The psalms: singing the words

But I’m writing tunes for psalms, and my first ‘given’ is the words.  Spoken words have a natural rhythm, which affects the sense and, even more, affects whether the sense can be quickly grasped (try reading anything aloud on a unaccented monotone, and see whether your hearer can understand; it’s surprisingly difficult).   So I try to find the natural rhythm of the words, and I am grateful every day to the people involved in the production of the wonderful Grail Psalter, especially Philippa Craig, who ought to have been made a saint already.  Sometimes the Response is a special difficulty, if it’s out of a different Psalm, or even from one of St Paul’s letters, for example.  The tunes for the verses and Response need to go together, obviously, but sometimes it can be difficult to effect this.

Tunes need bones

Once I have the rhythm, the tune comes in, and they are both equally important.  The beat is the backbone which supports the flesh.  Without it, the tune wanders aimlessly and lacks shape; and without the tune, the words cannot take shape on the scaffolding of the beat.  You need both;  and the tempo is important too, but I’m lumping that in with the rhythm for now.   Classic jazz works because each musician has a grasp of the shape of the whole phrase and its length – at its most obvious, the actual number of bars.  You can put all sorts of furniture and decorations inside a house, but the walls have to be upright and the roof secure before you start playing with the furniture positions.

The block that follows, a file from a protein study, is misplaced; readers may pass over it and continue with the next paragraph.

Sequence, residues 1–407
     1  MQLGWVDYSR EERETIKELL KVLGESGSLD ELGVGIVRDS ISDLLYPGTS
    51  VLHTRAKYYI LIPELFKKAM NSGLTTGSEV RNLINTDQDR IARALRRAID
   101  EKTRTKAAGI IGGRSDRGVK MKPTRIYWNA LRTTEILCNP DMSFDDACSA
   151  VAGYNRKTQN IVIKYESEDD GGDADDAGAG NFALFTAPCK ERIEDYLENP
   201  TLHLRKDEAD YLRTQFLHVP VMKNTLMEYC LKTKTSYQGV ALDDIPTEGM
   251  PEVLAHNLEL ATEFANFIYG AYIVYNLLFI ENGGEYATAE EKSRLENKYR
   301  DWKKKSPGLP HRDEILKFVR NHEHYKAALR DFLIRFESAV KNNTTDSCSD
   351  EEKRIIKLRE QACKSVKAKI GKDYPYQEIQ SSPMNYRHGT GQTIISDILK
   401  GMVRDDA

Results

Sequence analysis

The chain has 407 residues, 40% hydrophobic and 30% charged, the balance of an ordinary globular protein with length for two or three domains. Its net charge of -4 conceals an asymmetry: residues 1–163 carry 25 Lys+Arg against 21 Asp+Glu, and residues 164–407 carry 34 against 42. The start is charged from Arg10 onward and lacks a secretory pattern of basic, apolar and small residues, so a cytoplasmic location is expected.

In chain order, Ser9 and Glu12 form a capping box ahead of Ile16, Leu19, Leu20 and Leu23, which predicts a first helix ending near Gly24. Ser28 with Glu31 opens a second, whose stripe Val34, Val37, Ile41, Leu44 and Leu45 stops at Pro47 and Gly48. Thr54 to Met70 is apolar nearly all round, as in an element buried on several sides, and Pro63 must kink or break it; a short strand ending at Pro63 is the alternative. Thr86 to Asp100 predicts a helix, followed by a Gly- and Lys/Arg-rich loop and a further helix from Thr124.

Tunes to dance to

This is why I often try to give my psalm setting a folktune feel, because folk music values both melody and rhythm, and is easy enough for everyone to join in.  Many folktunes (and a lot of carols) were actually dances.  Above all, people can work together if there is rhythm : 123, Go! ; sea shanties; tug-of-war;  even the Mak’tar Chant of strength in Galaxy Quest.  It helps a group to sing a rest correctly if they do something bodily to mark the beats when they are learning the music.  Kenyan choirs I have known do this instinctively;  it can be difficult to get a choir of Anglo-Saxon origin to swing its hips (especially the men), but clicking your fingers is just as good, and you need to feel where the rests are just as much as the notes.  Like drawing, when you are supposed to draw the spaces between shapes rather than the shapes (something I am not good at, but I can do it with rhythm).

Pace and piety